Otto Greule Jr
The New York Yankees can't seem to catch a break this spring. First baseman Mark Teixeira is out for upwards of three months to begin the regular season and it's likely the worst has yet to come.
The hits keep on coming for the New York Yankees and I don’t mean in a good way. First it was Alex Rodriguez, then it was Curtis Granderson, then it was Phil Hughes and now it’s first baseman Mark Teixeira getting injured and will miss up to 10 weeks to start the season with a wrist injury (it’s being described as a strained tendon in his right wrist).
Jeff Sullivan from FanGraphs commented that:
Teixeira’s going to do nothing for four weeks, then he’ll begin rehabbing, provided everything has healed up. According to the timetable, Teixeira should return to the Yankees around the middle of May. In theory, he’ll be 100%, but this is a wrist injury, so it’s possible Teixeira could play with diminished power. No hitter ever wants a wrist injury. Actually no hitter ever wants an injury at all. Who would?
The one hitter the Yankees didn't want to face any kind of set back to being the season was Teixeira for his notorious ability to get off to incredibly slow starts to just about every season over the course of his career. His .238/.342/.423 batting line through 949 plate appearances over 214 games in March/April tells us all we really need to know. Teixeira is the type of hitter that needs to step into the batter’s box around 100 times before he really gets going and that’s during the regular season.
It’s not enough that Teixeira routinely gets between 50 and 60 plate appearances in Spring Training, he also needs around an additional 100 before he’ll start producing for you offensively. This is the real story here because even though he should return around the middle of May he still won’t truly be ready until at least June. Can the Yankees really handle not having his bat in the lineup through May and then not having his bat produce until well into June?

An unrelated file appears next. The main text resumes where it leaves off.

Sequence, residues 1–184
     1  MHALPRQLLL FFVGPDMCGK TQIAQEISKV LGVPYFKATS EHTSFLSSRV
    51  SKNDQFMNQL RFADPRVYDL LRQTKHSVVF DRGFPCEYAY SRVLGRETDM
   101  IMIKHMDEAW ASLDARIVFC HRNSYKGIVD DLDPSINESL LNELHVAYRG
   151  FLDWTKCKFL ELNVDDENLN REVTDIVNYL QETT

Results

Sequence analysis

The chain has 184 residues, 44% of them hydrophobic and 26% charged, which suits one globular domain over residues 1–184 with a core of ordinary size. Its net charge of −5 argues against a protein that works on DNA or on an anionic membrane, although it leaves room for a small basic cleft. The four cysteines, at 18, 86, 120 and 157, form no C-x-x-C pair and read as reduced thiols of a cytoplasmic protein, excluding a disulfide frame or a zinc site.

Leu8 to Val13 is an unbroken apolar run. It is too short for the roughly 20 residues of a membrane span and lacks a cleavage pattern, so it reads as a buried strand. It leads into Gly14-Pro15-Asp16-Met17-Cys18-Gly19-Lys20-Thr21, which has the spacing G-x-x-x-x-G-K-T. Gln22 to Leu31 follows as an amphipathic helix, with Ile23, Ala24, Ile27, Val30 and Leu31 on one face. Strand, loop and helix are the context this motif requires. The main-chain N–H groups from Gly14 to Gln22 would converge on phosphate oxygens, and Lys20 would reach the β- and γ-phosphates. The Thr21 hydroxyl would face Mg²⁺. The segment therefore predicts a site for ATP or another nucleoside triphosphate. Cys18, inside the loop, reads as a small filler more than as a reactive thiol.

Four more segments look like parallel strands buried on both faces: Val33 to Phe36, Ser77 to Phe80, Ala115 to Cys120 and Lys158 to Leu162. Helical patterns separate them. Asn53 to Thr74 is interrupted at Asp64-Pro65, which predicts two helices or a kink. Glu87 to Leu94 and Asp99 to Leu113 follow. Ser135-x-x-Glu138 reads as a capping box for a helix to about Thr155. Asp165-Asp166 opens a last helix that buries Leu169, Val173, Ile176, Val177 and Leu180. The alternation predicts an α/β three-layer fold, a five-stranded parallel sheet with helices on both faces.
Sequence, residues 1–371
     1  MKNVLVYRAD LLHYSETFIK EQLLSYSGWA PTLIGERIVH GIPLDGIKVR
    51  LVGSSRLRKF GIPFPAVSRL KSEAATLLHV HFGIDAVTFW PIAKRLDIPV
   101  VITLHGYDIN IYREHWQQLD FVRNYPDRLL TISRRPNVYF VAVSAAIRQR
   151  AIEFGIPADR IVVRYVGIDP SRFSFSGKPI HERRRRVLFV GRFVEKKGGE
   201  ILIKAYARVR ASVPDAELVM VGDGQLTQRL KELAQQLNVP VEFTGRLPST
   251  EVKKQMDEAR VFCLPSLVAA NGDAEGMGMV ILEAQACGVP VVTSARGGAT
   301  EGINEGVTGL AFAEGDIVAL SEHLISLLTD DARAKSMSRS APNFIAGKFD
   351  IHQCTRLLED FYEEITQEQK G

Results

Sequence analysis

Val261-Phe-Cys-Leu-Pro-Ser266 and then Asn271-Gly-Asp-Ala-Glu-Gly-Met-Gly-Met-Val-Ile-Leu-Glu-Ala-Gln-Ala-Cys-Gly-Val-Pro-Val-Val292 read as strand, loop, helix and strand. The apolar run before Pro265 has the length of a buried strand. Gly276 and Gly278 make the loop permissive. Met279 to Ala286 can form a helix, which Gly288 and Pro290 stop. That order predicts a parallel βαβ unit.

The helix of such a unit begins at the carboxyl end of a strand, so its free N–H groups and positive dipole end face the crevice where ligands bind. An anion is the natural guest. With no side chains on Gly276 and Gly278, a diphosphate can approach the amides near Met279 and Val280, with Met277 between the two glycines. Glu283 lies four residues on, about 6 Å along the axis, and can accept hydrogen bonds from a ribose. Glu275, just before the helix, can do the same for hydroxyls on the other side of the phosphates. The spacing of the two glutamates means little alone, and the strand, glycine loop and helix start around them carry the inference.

This may not be the worst of it for Teixeira or the Yankees though as a trend has really started to take shape. Big Tex has seen his OBP, wOBA, and wRC+ decline in four consecutive seasons and even more troubling is that he no longer appears able to hit for contact against right handed pitching. Over the last three seasons he has a .236/.333/.451 batting line, a .343 wOBA, and just a 112 wRC+ against right handers.
At 32 years of age you don’t want to think that he’s starting to break down but he turns 33 on April 11 and history is not on his side. As you can see from the aging curve for hitters that Jeff Zimmerman put together we can expect Teixeira to have a decrease in walks and an increase in ground balls and strikeouts, which is something we've already begun to witness with regard to his walk and ground ball totals.
Jeff Zimmerman used the delta method to weight the work of players in each age bracket.
It will be interesting to see if Teixeira continues to age in the manner consistent with Jeff's findings or not. One thing's for sure though, the Yankees may be able to afford the money still owed to him but they cannot afford to have another veteran slugger experience a steep decline in his overall performance.